Eintracht Frankfurt’s Champions League debut lacks cleverness and coolness. Memories of Borussia Dortmund 2011/12 come to mind.
When the first Champions League match in Eintracht Frankfurt’s club history against Sporting Lisbon was over and Djibril Sow had already spent a few minutes digesting the clear defeat, he sobered up in the catacombs of the arena: “The team was too naive. We had many situations in which we made the wrong decision. We lacked consistency up front.”
“Too naive”: Eintracht Frankfurt reminiscent of BVB
The overriding feeling on the Main was: unfortunate loss against Sporting, the result of 0:3 was far too high. They just kept up well. But Eintracht’s debut in the top flight was a complete failure in terms of results.
So the goal of reaching the last 16 is hardly realisable. But Frankfurt are not the first to be shown their limits at this level. A look back at autumn 2011 is worthwhile in this context.
Borussia Dortmund returned to the Champions League stage as surprise champions with Jürgen Klopp on the sidelines after an eight-year absence. Despite all the euphoria, the “gang of rascals” with Mats Hummels, Sven Bender, Marcel Schmelzer, Robert Lewandowski – and also the current Frankfurt player Mario Götze – still visibly lacked maturity.
Dortmund paid a lot of dues in 2011
The first game? After all, BVB managed a 1-1 draw against Arsenal. “We were better than our opponent today. We had so many chances. I think we lost two points today,” said goalscorer Ivan Perisic after the final whistle. In other words: BVB lacked efficiency, cleverness in the decisive moments and coolness.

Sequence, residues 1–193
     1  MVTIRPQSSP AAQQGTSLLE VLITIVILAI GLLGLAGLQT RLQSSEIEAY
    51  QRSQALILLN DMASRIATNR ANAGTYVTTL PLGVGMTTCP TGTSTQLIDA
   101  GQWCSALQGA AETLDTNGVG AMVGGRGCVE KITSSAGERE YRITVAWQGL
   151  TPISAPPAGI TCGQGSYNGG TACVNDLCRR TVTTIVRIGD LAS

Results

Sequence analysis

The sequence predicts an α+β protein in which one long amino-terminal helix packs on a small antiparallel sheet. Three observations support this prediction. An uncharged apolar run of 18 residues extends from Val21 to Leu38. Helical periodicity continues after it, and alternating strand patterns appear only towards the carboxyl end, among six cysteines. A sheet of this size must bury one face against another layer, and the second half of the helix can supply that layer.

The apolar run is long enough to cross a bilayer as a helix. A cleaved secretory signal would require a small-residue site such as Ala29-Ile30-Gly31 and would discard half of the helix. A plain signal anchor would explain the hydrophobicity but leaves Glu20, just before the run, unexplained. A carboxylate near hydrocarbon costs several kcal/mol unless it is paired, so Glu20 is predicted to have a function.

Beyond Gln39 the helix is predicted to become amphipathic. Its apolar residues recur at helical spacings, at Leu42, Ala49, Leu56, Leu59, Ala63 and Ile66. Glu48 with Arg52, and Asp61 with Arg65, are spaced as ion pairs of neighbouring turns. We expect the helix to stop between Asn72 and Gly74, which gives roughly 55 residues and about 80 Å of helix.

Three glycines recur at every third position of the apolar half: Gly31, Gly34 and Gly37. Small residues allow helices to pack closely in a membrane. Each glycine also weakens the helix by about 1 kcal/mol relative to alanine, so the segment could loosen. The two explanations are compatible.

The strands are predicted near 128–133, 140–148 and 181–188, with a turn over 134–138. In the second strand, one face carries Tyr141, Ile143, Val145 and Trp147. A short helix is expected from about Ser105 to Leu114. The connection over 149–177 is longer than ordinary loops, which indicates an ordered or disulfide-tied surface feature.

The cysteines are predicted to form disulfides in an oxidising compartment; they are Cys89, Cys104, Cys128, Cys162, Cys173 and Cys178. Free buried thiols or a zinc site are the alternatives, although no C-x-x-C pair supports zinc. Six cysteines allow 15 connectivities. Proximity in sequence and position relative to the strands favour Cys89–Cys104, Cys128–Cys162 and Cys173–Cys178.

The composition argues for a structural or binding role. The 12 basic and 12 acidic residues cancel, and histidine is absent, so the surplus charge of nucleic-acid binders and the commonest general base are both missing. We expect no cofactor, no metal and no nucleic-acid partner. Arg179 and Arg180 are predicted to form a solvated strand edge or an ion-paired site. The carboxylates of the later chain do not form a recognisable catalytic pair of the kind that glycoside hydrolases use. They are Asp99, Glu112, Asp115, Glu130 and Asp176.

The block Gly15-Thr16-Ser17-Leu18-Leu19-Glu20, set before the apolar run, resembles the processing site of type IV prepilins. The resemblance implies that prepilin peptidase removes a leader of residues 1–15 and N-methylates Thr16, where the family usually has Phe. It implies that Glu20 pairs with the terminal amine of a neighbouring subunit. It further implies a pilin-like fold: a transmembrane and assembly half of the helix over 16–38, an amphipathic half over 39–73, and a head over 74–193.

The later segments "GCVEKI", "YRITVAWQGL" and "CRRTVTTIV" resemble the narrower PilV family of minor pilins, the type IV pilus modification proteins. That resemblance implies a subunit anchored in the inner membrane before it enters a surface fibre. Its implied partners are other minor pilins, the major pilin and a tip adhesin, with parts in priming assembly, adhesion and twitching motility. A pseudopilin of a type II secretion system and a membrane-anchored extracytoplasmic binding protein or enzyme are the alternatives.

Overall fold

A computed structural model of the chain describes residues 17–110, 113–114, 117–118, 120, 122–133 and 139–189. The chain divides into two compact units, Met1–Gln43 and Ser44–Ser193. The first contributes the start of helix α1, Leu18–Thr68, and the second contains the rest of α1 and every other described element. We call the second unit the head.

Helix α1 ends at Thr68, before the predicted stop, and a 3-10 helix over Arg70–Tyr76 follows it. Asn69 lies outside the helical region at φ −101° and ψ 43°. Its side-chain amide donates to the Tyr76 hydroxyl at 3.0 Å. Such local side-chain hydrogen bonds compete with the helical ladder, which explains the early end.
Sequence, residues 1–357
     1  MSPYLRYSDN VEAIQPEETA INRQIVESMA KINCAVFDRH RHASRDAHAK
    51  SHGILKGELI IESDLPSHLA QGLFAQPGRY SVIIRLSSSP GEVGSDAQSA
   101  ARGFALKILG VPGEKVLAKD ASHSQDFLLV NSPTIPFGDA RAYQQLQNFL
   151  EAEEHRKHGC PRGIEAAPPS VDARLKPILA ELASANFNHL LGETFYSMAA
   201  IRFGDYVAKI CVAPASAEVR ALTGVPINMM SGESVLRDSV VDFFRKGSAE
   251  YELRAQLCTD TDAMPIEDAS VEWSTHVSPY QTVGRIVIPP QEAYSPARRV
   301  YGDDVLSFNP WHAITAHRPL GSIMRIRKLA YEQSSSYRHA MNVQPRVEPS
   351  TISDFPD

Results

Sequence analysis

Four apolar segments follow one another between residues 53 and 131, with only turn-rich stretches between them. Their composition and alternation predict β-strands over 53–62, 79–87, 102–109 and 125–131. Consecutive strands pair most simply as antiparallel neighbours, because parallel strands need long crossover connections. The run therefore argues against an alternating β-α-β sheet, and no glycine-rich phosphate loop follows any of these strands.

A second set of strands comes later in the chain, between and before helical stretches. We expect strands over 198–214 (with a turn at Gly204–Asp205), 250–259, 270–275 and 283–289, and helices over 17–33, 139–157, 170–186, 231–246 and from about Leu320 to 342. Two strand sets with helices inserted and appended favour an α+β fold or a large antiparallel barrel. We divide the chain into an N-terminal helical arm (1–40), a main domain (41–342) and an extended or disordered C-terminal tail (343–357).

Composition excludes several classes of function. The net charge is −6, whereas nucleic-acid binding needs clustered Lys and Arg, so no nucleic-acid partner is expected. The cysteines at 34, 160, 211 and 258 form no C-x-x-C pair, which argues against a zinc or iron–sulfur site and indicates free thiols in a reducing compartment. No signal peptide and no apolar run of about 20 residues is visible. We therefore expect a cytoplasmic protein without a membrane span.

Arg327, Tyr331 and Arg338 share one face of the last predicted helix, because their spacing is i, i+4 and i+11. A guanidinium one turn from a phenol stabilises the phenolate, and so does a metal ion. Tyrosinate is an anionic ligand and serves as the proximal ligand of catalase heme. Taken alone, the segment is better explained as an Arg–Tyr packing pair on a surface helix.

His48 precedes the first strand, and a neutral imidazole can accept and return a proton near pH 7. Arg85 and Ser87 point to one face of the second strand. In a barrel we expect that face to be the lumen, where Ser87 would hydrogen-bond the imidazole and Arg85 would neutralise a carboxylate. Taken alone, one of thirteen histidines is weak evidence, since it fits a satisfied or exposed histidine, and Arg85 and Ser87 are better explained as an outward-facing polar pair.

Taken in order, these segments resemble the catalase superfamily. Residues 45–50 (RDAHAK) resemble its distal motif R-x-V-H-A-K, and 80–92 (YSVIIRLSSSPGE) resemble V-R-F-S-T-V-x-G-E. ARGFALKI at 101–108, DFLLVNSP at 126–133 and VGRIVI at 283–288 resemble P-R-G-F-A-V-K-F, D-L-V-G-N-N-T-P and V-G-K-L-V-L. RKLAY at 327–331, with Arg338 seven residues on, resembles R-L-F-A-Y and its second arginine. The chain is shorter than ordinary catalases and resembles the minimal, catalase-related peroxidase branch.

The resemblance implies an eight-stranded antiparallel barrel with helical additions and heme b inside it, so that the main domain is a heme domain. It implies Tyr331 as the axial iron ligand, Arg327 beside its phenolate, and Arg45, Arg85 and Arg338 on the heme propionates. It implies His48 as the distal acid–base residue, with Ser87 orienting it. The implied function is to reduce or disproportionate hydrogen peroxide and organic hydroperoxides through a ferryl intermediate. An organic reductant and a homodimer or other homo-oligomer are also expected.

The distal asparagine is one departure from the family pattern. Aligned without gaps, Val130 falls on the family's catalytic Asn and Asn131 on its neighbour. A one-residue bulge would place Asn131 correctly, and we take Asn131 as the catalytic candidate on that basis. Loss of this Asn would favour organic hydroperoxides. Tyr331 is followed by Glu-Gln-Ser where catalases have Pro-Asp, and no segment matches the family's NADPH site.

The end of the story? Even though Borussia had been drawn in a group with the Gunners, Olympiakos Piraeus and Olympique Marseille that was generally considered feasible, they were eliminated from the group with only four points on their account and a goal difference of 6:12.
On the Champions League stage, newcomers often have to pay a lesson. It is then the nuances that are missing and cause games to be overturned.
Eintracht coach Glasner: “Of course it’s bitter for us”.
Eintracht coach Oliver Glasner therefore did not want to contradict when asked whether his team had indeed paid their dues.
The Austrian struggled with the result: “Maybe many coaches have had to answer this question. But it seems to be the case that the newcomer has to pay this dues. That is bitter for us, of course.” All is not lost for Eintracht, of course.
In five days’ time, the away trip to Olympique Marseille is on the agenda. The French side also lost (0:2 at Tottenham Hotspur). Both teams are already under massive pressure. For the loser, it will then probably only be a matter of third place, relegation to the Europa League.
BVB also an encouragement for Eintracht
Nevertheless, BVB learned from its mistakes in no time at all. In the following year, Dortmund eliminated Manchester City, FC Malaga and Real Madrid, among others.
Only FC Bayern München prevented them from being crowned champions at Wembley Stadium. Can Eintracht develop at a similar pace?